The goal of the Community Partnership School is to prepare students for every opportunity. Upon their graduation from CPS in 5th grade, they will be capable of succeeding at any top independent, parochial, charter or public school.
The Community Partnership School uses a child-centered approach to capitalize on the belief that all children are highly motivated and interested in learning. Teachers guide children through a learning process that allows them to pursue their individual talents and interests. They learn about respect and responsibility, as well as reading, writing and arithmetic. They learn to listen, share and cooperate – skills needed to succeed in the creative atmosphere of an independent school. The development of the child takes place through a range of hands-on activities, which are actually “work” for young children. Concurrently, books, computers, and other building blocks of learning are used to develop skills and create enough independence for children to act on their own ideas.
The Independent School Difference
What does it mean that Community Partnership School is an independent school?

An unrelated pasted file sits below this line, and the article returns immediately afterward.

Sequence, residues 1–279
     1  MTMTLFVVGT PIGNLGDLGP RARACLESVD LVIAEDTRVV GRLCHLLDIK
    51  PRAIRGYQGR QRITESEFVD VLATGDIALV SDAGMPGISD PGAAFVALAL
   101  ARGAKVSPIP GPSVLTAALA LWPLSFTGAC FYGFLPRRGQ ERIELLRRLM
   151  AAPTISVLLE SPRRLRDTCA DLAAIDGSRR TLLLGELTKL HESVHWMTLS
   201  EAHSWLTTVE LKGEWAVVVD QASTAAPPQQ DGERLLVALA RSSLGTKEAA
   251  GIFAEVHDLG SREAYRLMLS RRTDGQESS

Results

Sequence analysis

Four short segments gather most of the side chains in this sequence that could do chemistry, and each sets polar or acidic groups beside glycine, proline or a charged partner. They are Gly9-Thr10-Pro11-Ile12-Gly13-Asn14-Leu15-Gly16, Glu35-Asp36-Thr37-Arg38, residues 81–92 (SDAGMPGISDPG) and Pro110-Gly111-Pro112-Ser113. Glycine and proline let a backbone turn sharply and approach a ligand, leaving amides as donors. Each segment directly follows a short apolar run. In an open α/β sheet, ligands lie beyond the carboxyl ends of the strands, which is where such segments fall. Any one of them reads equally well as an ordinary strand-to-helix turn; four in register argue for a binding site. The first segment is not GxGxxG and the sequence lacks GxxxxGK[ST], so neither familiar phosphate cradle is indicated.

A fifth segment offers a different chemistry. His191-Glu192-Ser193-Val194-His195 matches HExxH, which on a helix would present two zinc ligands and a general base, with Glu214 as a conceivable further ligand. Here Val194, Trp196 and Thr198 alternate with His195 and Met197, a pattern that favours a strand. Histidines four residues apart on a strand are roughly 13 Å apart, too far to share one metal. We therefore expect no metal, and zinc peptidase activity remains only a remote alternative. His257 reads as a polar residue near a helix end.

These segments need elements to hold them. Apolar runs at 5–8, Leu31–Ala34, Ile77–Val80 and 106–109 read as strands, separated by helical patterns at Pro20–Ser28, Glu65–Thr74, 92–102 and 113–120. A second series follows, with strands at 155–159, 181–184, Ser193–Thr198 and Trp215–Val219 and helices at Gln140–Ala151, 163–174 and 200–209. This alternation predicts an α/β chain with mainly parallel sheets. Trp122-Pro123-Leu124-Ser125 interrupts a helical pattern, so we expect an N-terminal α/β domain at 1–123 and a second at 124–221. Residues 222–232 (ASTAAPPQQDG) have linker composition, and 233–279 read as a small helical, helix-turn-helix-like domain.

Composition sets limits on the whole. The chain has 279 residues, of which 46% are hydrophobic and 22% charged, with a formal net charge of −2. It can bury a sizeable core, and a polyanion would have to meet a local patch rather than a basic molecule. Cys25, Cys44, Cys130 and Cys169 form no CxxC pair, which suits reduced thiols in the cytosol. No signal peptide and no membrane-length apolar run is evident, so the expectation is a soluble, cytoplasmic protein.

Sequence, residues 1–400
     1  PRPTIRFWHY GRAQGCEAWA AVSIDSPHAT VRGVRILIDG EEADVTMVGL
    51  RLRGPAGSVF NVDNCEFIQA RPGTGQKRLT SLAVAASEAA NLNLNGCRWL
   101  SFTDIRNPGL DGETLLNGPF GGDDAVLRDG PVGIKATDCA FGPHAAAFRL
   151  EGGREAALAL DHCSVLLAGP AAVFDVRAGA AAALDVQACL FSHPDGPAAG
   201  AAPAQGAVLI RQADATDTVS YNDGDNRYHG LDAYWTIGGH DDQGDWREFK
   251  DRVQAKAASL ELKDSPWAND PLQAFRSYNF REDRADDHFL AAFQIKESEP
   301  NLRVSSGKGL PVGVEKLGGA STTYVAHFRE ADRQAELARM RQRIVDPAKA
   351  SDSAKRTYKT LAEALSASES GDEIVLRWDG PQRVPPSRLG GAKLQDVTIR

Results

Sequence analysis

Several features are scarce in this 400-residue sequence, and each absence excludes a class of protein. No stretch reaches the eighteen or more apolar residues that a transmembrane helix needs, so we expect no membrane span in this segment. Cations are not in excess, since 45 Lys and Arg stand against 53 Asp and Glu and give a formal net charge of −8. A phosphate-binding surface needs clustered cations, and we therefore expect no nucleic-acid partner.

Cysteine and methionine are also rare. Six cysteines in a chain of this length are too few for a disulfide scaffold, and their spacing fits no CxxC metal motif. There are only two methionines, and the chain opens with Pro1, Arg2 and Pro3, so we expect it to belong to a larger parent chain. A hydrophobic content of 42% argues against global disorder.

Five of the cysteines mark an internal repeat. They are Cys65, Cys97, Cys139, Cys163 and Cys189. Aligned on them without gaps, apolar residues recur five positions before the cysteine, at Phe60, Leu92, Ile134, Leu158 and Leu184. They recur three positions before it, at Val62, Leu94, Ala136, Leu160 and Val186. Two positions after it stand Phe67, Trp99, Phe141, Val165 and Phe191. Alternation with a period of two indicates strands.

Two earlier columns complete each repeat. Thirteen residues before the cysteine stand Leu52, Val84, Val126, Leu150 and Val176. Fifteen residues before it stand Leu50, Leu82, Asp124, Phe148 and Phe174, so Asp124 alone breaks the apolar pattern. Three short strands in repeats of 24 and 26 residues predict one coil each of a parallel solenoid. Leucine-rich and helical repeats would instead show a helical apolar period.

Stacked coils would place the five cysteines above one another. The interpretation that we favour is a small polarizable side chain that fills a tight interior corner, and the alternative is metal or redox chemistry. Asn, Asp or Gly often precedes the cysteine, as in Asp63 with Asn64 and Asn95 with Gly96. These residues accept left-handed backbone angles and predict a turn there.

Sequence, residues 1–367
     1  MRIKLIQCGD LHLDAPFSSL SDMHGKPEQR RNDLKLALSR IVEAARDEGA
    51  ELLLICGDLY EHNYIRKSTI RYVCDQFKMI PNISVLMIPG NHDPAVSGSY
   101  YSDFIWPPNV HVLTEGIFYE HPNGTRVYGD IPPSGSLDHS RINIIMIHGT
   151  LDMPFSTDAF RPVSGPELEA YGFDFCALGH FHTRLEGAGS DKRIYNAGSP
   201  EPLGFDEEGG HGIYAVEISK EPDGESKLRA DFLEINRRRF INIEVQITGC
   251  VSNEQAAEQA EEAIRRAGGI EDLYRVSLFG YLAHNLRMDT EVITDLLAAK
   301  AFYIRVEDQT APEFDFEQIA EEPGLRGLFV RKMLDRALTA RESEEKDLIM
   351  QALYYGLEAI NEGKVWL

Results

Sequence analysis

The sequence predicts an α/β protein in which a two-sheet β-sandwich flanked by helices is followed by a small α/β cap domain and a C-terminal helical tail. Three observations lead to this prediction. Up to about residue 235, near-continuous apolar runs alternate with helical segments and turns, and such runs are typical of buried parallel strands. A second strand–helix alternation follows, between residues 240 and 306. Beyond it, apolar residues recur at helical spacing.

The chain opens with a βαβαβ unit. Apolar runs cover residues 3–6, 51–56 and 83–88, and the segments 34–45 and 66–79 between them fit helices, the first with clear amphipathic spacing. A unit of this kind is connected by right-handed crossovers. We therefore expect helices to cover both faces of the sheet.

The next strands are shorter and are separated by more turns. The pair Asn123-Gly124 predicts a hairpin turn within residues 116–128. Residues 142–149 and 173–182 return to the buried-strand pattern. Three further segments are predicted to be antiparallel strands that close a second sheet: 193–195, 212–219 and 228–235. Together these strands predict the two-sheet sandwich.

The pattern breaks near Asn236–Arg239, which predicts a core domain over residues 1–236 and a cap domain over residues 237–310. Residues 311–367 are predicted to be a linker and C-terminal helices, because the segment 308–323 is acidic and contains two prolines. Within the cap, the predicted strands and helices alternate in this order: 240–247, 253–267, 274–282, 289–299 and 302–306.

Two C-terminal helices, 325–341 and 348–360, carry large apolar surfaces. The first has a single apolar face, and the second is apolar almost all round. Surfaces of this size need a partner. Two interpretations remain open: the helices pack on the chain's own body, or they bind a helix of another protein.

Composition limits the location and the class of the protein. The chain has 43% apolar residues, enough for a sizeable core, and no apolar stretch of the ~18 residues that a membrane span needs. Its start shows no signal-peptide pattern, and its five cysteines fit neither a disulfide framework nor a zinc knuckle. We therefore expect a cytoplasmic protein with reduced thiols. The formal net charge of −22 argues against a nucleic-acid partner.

An independent school is a special category of non-public school. Independent schools are “independent” because they are independently governed by a board of trustees, and are supported by tuition payments, charitable contributions and endowment revenue. This makes them distinct from public and charter schools, which are supported by tax dollars, and parochial schools, which are generally funded by a combination of church dollars and tuition.
All independent schools share one important goal: a commitment to providing an academically challenging environment that motivates students to achieve excellence.
This commitment to excellence makes a difference. Independent schools consistently produce graduates who complete college and pursue advanced degrees.
At Community Partnership School, the independent school advantage means that students are working at their own pace in classrooms of no more than fourteen students. For many parts of the school day, the student to teacher ratio is less than six to one. This type of individual attention encourages each child to discover their true strengths, talents and interests.